[Many pretend to be followers of Christ, and yet deny every fundamental truth of his religion. The fall of man, and the guilt and corruption consequent upon it; the substitution of our Lord Jesus Christ in the place of sinners, and our reconciliation to God by the blood of his cross; the regenerating and sanctifying influences of the Holy Spirit, together with all the inward life and power of godliness; all these, I say, are denied and held up to ridicule and scorn: and yet the people, who thus expunge from their system almost every doctrine that distinguishes our holy religion, will call themselves Christians. But are they really friends of Christ? Are they not rather enemies and traitors? Even the followers of Mahomet express as much regard for Christ as they: the Mahometan allows that Christ was a prophet; and what do these infidels allow him more? Truly their kisses are perfidious; their professions are a lie.]



[There are two kinds of Antinomians; systematical, and practical: the former are very zealous for the peculiar doctrines of Christianity; but they carry them to an undue extent; and erase from their system all the obligations of the moral law. We hope and believe, that all who embrace this system are not so regardless of the law in practice, as they are in theory: nevertheless their sentiments are most pernicious; and their professed attachment to Christ is constructive treason. It is certain that, however exemplary some of these persons may be, others (and we fear by far the greater part of them,) take encouragement from these licentious tenets to live in sin. If they do not give way to those grosser propensities which would expose their profession to universal contempt, they are at least distinguished by a proud, contentious, worldly spirit, and by irreverence and undue confidence in their transactions with God.
As for practical Antinomians, the great majority of nominal Christians are of this class. They object not to the leading truths of the Gospel: having been educated in the belief of them, they acknowledge them as points which they are not disposed to controvert. But to yield to their influence, and to bring their souls to a state suited to them, they have no mind. They wish for nothing beyond this world; they think of nothing but what relates to the body. Whether their outward conduct be more or less correct, they consider it as of very little importance. Some can run to the greatest excess of riot, being wholly addicted to worldliness or dissipation, and yet account themselves very good Christians. Others, who are restrained from such excesses, can content themselves with “a form of godliness, while they utterly deny its power;” and though they never smite upon their breasts with contrition, never flee to the Lord Jesus Christ for mercy, never devote themselves in earnest to the service of their God, they imagine that all is well, and that they are to be reckoned among the friends and followers of Christ. But their profession serves only to lower Christ in the estimation of the world, and in many instances to till heathens themselves with an utter abhorrence of his name.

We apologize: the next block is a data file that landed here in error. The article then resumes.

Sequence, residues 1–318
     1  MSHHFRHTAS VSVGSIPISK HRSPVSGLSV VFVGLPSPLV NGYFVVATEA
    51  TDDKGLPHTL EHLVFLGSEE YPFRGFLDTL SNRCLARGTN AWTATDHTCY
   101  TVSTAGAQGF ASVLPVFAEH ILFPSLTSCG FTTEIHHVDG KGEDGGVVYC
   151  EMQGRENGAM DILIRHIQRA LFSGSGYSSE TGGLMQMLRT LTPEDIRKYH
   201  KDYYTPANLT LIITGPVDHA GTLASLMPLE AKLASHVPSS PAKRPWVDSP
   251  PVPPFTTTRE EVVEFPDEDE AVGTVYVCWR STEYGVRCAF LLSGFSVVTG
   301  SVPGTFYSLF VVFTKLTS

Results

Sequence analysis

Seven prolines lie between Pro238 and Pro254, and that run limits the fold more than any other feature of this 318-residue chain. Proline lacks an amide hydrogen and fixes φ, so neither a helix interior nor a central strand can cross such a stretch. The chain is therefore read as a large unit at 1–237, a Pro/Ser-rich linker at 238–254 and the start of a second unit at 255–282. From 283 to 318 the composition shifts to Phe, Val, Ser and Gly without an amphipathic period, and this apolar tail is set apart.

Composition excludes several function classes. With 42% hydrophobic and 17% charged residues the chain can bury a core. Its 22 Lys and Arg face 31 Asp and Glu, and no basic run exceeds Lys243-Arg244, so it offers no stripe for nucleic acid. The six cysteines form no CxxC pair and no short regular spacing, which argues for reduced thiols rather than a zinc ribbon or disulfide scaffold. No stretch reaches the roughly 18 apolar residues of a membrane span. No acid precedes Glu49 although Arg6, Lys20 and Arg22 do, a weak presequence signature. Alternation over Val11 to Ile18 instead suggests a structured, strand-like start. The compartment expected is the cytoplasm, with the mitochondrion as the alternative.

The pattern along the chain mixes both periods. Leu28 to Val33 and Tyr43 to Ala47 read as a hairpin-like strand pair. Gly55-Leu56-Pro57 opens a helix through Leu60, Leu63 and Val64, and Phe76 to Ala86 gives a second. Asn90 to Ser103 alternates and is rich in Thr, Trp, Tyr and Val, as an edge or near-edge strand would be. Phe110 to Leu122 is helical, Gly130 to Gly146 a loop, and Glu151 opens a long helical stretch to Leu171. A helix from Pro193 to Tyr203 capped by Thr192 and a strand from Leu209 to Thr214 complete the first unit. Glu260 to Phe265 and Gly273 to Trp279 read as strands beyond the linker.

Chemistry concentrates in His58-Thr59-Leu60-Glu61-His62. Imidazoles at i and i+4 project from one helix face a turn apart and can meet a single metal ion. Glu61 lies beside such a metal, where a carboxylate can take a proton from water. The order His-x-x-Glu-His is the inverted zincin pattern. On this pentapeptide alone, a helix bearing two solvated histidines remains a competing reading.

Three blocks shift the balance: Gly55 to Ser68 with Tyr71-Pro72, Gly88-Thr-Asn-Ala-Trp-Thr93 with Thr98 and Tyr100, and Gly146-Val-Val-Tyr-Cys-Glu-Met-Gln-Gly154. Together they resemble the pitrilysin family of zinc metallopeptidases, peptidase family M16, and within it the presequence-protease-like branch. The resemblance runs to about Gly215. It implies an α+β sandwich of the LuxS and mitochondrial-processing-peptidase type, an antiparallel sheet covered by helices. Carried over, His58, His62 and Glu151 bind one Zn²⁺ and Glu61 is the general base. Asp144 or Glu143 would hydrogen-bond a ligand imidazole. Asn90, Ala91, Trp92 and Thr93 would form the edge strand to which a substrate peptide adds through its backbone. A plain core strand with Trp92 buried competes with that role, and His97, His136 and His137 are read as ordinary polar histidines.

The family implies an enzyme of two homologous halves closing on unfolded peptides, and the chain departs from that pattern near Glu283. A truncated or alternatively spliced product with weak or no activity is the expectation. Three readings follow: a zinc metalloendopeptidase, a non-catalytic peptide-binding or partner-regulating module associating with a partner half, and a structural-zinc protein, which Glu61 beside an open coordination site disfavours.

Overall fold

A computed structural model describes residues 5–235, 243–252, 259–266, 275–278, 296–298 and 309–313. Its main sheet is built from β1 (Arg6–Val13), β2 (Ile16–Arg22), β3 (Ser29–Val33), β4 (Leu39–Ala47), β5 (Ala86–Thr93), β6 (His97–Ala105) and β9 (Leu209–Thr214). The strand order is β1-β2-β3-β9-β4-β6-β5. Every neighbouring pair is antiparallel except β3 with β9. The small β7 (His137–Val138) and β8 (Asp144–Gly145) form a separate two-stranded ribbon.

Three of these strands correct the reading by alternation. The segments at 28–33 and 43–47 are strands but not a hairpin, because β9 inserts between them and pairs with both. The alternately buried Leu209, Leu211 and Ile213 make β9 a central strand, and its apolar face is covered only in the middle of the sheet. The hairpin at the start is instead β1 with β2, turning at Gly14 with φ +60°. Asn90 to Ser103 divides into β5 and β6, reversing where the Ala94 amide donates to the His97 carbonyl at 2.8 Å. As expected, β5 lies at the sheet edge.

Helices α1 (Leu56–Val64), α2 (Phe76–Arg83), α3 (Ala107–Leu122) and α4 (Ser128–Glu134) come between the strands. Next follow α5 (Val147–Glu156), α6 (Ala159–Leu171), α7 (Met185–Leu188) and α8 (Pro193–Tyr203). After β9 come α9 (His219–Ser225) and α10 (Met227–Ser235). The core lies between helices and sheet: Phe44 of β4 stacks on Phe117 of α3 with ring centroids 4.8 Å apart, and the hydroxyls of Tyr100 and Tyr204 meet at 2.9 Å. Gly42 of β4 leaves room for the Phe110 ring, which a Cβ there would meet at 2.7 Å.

We must acknowledge, indeed, that neither the one nor the other of these characters have the malignant designs of Judas: but the ultimate effect of their conduct is to betray him with a kiss.]



[These come the nearest of all to the character of Judas: and many there are to whom this designation properly belongs. In every age there have been some who have joined themselves to the Church, while yet they felt only transient impressions, and had no root of grace in their hearts. Of them, some cast off all profession of religion, and go back again to the world: others continue their profession, but indulge habits altogether inconsistent with it [Note: Ezekiel 33:31.]. Hence they are found deceitful in their words, dishonest in their dealings; and less worthy of confidence than the generality even of avowed worldlings. For a time they wear the mask with success: but at length their true character appears; and they make religion “to stink in the nostrils” of all who know them. It is almost superfluous to say that these are traitors: for they not only deliver up Jesus to the scorn and contempt of his professed enemies, but lay a stumbling-block in the way of his friends, and cause many to wax cold in their attachment to Christ, if not also utterly to renounce him. “Woe unto the world because of them! but woe be more especially to those by whom the offence cometh!” In a little time, if they repent not, they will “go to their own place,” and participate with Judas the just reward of their deeds.]


Let us not be offended with religion on account of the faults of those who profess it—